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Dr. Alex Jehle used an annual health fair to offer wellness tips he hoped the audience would take to heart.

Crowds packed the hallways of the Broadway Building at Providence St. Patrick Hospital on Saturday for the 12th annual Heart Expo. The event included heart-health vendors from a variety of medical fields as well as a series of lectures open to the cardiac-conscious.

Jehle is a cardiologist with the International Heart Institute of Montana, a partner program of St. Pat's.

The talks covered subjects from traditional heart disease to cutting-edge breakthroughs in heart valve replacement. Jehle, the moderator of the lectures, said another subject one of the sessions touched on was a health issue that has been getting more traction recently, the so called “broken heart syndrome.”

“We don’t really know what causes it, but it is stress that stuns the heart and creates rapid onset heart failure,” he said. “The other part about broken heart syndrome is that it doesn’t seem to discriminate as much on age or gender.”

Jehle said heart disease, while the number one cause of death in America, doesn’t always receive the amount of attention it deserves from the public.

“Often times, what we read about and hear about in the press is what’s attractive and shiny but maybe not as common,” he said.

The Heart Expo offered several low-cost health screenings including lipid and glucose blood tests, prostate-specific antigen blood draws and thyroid hormone tests, all part of a push for better preventive cardiology. Jehle said this year, more than 900 people opted to take advantage of the screenings.

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Another of the tests at the Heart Expo tested for peripheral artery disease. Dr. Ryan Mays described the condition as a “heart disease of the lower legs,” where plaque builds up in the arteries.

Mays is working on research about the disease with both the Heart Institute and the University of Montana, developing exercise treatments as well as devices to alleviate the leg pain that comes with peripheral artery disease.

The screening measured the blood pressure in the leg of a patient, then in their arm. In a healthy person, the pressure in the feet is higher. With peripheral artery disease, it will be lower. Mays said smoking is the top risk factor for developing peripheral artery disease.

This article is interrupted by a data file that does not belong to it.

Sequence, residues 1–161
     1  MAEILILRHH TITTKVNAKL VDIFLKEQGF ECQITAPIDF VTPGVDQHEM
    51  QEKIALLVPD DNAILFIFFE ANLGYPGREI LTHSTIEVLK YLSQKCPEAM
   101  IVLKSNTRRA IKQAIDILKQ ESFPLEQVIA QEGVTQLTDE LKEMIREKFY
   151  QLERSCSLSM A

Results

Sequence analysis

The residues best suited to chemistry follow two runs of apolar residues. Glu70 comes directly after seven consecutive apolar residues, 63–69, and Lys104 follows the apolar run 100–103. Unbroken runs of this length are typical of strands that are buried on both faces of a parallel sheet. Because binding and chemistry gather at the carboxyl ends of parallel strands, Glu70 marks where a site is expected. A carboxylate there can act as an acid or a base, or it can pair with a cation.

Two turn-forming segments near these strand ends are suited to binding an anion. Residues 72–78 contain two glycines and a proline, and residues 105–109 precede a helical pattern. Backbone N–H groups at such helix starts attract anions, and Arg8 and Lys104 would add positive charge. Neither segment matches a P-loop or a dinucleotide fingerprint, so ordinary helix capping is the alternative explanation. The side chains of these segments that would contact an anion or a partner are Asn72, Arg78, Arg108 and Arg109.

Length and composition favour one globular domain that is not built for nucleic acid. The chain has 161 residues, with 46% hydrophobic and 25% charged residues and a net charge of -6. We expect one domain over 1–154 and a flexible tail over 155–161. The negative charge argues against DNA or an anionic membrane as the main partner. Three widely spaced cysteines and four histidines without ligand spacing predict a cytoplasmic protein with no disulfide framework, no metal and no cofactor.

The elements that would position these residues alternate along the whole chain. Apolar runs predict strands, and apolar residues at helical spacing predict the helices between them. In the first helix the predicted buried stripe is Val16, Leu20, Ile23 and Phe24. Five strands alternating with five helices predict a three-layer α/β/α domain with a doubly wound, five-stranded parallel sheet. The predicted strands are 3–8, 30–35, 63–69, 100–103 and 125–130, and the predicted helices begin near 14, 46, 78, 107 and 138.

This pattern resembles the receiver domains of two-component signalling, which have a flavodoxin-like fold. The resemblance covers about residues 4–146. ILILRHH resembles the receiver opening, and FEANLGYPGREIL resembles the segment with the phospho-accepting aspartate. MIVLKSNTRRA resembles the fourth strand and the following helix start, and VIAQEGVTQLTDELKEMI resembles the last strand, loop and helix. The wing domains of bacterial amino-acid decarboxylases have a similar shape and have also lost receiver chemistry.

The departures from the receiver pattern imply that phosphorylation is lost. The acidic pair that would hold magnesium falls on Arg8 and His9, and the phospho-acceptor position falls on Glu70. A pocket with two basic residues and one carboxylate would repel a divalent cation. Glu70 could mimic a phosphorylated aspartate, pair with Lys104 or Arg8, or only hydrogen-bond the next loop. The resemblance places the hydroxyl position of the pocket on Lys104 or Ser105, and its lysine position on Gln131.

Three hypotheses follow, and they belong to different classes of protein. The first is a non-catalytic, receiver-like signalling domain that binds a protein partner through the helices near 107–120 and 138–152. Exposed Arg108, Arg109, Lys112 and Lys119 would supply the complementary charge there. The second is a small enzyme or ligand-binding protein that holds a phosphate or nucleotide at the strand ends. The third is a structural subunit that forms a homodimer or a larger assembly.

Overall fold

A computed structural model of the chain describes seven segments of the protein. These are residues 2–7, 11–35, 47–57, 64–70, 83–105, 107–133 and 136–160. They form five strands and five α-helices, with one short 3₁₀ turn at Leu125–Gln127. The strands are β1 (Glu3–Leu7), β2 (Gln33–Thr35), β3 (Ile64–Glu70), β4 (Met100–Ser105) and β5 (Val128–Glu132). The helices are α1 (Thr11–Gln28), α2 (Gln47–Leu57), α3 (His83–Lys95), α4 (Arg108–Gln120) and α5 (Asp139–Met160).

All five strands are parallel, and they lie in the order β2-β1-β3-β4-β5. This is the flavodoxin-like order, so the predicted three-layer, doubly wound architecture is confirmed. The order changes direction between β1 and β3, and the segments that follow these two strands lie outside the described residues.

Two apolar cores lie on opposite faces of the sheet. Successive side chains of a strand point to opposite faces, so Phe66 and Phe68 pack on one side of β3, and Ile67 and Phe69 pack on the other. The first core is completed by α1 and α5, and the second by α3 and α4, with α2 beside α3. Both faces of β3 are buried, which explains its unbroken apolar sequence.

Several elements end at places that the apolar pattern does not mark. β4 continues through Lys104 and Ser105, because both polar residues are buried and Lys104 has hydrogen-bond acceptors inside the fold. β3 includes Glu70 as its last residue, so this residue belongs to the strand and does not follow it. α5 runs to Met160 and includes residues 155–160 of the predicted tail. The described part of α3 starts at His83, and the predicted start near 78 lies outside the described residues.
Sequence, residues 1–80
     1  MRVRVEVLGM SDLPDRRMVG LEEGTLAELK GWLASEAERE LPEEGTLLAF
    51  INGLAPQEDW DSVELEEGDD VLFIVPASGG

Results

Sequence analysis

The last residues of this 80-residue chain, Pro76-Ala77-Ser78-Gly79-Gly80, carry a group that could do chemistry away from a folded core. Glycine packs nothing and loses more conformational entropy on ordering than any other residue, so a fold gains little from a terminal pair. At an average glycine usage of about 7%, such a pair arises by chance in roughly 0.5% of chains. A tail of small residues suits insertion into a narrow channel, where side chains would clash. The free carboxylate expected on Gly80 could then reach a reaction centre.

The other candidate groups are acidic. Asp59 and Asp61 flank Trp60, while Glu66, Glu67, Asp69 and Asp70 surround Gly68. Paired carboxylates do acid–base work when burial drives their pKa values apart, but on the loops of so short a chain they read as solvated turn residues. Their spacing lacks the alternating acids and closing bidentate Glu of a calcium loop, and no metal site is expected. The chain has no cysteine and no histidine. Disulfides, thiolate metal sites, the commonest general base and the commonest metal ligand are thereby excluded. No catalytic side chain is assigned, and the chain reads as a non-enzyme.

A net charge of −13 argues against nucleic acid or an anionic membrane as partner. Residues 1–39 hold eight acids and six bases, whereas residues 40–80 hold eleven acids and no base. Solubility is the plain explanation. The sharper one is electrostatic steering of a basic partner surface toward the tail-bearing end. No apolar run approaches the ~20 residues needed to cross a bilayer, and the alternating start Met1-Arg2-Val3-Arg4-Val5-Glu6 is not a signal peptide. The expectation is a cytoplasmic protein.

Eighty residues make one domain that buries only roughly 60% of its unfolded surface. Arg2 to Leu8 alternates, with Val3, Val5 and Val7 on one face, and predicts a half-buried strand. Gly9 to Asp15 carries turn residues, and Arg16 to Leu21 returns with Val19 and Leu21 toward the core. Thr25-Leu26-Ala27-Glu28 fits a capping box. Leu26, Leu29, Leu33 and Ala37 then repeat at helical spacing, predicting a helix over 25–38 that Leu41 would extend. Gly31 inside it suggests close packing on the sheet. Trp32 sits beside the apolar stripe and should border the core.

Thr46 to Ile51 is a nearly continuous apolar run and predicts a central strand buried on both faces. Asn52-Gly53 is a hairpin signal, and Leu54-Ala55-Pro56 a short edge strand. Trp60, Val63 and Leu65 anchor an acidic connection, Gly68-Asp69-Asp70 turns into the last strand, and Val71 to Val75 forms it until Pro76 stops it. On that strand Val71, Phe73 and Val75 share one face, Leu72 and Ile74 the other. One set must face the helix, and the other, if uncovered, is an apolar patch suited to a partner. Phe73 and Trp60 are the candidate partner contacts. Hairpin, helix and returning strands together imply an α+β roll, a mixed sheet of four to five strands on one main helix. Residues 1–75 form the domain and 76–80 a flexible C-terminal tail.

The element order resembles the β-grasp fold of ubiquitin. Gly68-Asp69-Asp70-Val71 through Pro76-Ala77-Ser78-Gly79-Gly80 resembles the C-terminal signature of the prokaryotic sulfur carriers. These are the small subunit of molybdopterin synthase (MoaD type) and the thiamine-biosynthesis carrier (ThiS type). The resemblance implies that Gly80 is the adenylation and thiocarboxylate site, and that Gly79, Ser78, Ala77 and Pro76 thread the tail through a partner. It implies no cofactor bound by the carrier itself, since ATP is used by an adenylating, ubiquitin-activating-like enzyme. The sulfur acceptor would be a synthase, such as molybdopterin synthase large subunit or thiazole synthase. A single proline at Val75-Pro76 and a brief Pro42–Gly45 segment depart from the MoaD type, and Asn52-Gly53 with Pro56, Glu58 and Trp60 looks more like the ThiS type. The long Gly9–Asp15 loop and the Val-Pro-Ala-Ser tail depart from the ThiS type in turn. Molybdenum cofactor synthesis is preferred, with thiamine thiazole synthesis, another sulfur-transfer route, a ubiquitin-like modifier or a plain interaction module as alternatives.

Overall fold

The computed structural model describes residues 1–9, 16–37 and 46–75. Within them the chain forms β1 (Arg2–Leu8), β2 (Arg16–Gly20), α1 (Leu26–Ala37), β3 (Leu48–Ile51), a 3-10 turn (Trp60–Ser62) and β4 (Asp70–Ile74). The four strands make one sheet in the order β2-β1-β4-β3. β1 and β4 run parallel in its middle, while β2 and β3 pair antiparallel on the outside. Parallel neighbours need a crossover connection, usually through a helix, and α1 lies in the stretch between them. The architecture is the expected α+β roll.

“It leads to poor walking ability, and a crushing pain, aching and cramping in the lower limbs, especially during physical activity,” Mays said.

The problem is that the best treatment for the disease is more physical activity. Mays is currently working to develop better exercise guidelines for people with peripheral artery disease, to fill in for supervised exercise programs, which are expensive and inconvenient.

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In a room off the main hallway of vendors and information tables, Marty Merwin, a cardiac sonographer at St. Pat's, stood in front of a large computer monitor. On the screen was a three-dimensional representation of a human heart, being generated in real time as a demonstration of the hospitals echocardiogram machines.

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“We can look at the structure and function of the muscles, the valves and the chambers. Using computer-added color, we can see the blood flow patterns,” Merwin said.

While many echocardiograms are scanned non-invasively through the chest, Merwin said newer probes can be inserted down the throat and positioned behind the heart to give an even clearer picture of the organ.

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Jim Jaques, a respiratory therapist with the St. Patrick-affiliated Partners in Home Care, set up a table focusing on solutions to a common problem, sleep apnea.

“You breathe fine when you’re standing here, but lay down and your body closes up the airway,” he said.

A good night's rest might not seem to be tied with heart health, but Jaques said apnea at night has a profound connection to our well being during the day. Sleep apnea can close up the breathing passage as often as 150 times per hour during the night.

“Every time that happens, your body has a shot of adrenaline, which causes blood pressure to rise and the heart to beat faster,” Jaques said.

Because people with advanced apnea problems don’t fall into deep sleep at night, the heart doesn’t settle back down. Jaques’ table featured a variety of Continuous Positive Airway Pressure, or CPAP, masks and machines that help patients breathe better when asleep.

“The result is more energy the next day and a heart that doesn't have to work as hard around the clock,” he said.

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